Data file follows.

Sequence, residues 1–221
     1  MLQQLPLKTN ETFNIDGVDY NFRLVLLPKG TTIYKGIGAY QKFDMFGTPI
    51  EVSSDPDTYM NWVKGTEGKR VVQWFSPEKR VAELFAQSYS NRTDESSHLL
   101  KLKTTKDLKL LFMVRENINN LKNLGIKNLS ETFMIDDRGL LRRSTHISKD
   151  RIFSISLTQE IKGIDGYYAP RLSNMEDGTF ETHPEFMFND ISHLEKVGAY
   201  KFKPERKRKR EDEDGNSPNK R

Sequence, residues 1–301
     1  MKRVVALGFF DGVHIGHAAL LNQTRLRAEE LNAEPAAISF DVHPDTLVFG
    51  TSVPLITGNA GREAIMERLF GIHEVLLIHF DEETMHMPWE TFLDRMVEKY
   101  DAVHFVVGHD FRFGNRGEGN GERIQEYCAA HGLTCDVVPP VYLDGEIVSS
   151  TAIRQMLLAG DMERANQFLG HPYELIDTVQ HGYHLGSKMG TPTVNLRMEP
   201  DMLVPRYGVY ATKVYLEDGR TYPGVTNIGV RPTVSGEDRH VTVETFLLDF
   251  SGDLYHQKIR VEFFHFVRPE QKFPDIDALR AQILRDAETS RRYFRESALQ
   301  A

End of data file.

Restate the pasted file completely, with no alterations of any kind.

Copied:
Sequence, residues 1–221
     1  MLQQLPLKTN ETFNIDGVDY NFRLVLLPKG TTIYKGIGAY QKFDMFGTPI
    51  EVSSDPDTYM NWVKGTEGKR VVQWFSPEKR VAELFAQSYS NRTDESSHLL
   101  KLKTTKDLKL LFMVRENINN LKNLGIKNLS ETFMIDDRGL LRRSTHISKD
   151  RIFSISLTQE IKGIDGYYAP RLSNMEDGTF ETHPEFMFND ISHLEKVGAY
   201  KFKPERKRKR EDEDGNSPNK R

Sequence, residues 1–301
     1  MKRVVALGFF DGVHIGHAAL LNQTRLRAEE LNAEPAAISF DVHPDTLVFG
    51  TSVPLITGNA GREAIMERLF GIHEVLLIHF DEETMHMPWE TFLDRMVEKY
   101  DAVHFVVGHD FRFGNRGEGN GERIQEYCAA HGLTCDVVPP VYLDGEIVSS
   151  TAIRQMLLAG DMERANQFLG HPYELIDTVQ HGYHLGSKMG TPTVNLRMEP
   201  DMLVPRYGVY ATKVYLEDGR TYPGVTNIGV RPTVSGEDRH VTVETFLLDF
   251  SGDLYHQKIR VEFFHFVRPE QKFPDIDALR AQILRDAETS RRYFRESALQ
   301  A